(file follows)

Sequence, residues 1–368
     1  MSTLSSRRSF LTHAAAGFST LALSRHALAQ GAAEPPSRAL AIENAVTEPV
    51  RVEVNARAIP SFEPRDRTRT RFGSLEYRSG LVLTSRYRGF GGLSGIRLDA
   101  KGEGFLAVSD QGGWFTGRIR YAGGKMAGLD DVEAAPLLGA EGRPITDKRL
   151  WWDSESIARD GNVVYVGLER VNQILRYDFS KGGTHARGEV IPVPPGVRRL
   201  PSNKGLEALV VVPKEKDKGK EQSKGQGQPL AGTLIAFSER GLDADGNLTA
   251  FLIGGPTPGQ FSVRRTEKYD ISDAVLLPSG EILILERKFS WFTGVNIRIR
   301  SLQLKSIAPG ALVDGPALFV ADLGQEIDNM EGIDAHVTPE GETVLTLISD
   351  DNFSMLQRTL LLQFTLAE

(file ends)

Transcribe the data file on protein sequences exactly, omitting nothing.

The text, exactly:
Sequence, residues 1–368
     1  MSTLSSRRSF LTHAAAGFST LALSRHALAQ GAAEPPSRAL AIENAVTEPV
    51  RVEVNARAIP SFEPRDRTRT RFGSLEYRSG LVLTSRYRGF GGLSGIRLDA
   101  KGEGFLAVSD QGGWFTGRIR YAGGKMAGLD DVEAAPLLGA EGRPITDKRL
   151  WWDSESIARD GNVVYVGLER VNQILRYDFS KGGTHARGEV IPVPPGVRRL
   201  PSNKGLEALV VVPKEKDKGK EQSKGQGQPL AGTLIAFSER GLDADGNLTA
   251  FLIGGPTPGQ FSVRRTEKYD ISDAVLLPSG EILILERKFS WFTGVNIRIR
   301  SLQLKSIAPG ALVDGPALFV ADLGQEIDNM EGIDAHVTPE GETVLTLISD
   351  DNFSMLQRTL LLQFTLAE